Nesting Leatherback Sea Turtle
Celene Chang ‘06
Department of Ecology and Evolutionary Biology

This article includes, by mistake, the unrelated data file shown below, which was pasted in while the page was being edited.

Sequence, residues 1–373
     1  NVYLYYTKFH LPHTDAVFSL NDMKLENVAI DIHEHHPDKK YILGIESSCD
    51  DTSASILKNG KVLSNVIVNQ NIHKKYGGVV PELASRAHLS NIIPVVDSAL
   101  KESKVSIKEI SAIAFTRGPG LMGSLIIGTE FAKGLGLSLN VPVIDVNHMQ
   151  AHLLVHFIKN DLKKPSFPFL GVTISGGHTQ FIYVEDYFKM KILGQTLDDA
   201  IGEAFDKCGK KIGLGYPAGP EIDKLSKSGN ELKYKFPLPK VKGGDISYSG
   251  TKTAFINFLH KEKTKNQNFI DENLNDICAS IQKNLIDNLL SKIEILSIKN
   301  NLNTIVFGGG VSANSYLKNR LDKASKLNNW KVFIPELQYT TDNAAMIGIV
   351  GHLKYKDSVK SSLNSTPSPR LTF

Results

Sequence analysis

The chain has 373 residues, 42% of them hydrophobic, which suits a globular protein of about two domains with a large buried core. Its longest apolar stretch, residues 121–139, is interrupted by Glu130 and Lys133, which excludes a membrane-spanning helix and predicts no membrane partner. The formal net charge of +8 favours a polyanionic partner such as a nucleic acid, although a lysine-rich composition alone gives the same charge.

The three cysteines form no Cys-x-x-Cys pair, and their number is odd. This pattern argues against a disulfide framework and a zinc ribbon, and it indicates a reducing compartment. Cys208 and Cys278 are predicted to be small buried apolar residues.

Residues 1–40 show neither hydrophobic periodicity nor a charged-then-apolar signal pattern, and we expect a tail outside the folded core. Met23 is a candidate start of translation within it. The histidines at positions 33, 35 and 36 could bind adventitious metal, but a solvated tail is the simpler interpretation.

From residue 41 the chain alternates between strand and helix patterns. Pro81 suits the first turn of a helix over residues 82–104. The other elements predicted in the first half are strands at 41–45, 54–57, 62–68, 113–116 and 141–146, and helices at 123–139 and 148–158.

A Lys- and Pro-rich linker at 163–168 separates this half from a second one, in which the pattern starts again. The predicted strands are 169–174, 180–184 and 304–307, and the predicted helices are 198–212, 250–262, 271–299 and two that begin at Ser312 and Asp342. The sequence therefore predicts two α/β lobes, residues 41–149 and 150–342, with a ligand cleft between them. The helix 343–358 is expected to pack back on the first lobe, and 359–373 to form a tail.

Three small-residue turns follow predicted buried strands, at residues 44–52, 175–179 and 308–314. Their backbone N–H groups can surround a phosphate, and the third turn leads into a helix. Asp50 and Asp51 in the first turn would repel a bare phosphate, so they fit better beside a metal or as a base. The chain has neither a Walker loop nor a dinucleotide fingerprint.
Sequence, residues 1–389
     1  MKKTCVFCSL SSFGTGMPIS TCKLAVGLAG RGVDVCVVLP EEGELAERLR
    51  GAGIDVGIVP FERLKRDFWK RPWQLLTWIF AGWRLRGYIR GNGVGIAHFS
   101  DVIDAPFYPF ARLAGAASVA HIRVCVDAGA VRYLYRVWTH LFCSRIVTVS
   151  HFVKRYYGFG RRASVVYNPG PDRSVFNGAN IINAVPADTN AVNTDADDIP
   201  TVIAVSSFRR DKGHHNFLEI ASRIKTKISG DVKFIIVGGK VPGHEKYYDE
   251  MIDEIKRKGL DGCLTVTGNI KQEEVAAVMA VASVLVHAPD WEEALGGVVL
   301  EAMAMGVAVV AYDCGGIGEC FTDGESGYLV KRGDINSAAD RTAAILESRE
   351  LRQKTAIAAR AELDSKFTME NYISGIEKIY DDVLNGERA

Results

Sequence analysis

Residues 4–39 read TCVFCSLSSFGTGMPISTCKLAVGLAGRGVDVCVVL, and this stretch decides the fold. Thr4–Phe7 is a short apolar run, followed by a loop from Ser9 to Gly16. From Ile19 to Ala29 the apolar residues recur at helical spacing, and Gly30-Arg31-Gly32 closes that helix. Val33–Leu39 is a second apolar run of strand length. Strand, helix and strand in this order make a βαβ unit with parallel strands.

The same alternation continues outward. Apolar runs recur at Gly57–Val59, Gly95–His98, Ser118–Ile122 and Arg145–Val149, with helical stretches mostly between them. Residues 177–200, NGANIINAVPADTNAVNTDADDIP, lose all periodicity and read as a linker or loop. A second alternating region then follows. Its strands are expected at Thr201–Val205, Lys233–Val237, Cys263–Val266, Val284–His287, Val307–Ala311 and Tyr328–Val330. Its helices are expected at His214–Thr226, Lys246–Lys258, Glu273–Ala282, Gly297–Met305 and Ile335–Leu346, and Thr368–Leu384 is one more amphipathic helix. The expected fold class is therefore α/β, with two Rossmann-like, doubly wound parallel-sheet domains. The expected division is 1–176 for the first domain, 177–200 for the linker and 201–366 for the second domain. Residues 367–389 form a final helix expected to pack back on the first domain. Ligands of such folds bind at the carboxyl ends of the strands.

Once categorized with mythical sea creatures, the leatherback sea turtle (Dermochelys coriacea) is perhaps the most majestic reptile alive. Rather than a typical hard shell, it is covered with leather-like skin, optimal for deep-diving and withstanding cold temperatures. Not only is it the largest of the sea turtles (up to 70 inches in length), it is the fastest moving and deepest diving: it can dive to 1230 meters for food, the same depths as a whale. These photographs were taken during the most extraordinary time of the adult turtle’s life: nesting. The nesting female is in a state of complete hypnosis. This trance-like state, along with her blindness to red light, allowed us to stroke her body and head, and witness the egg-laying from point blank. After slowly emerging from the ocean, she dug a deep cavity with her rear flippers. She then laid her eggs, visibly straining in each contraction through her Lamaze-style breathing. When she finished, she masterfully covered the nest until its plot was indistinguishable. Although the tears in the center right photograph were mucosal extract to moisten her air-exposed eyes, it was difficult not to attribute them to pain and utter exhaustion. Classified as a critically endangered species, this female is presumed to be one of only 200 turtles that nested on that Panamanian beach in 2005. Undoubtedly the dinosaur among the seven sea turtle species, creatures such as this leatherback are powerful reminders of the magnificent megafauna that walked the earth millions of years ago.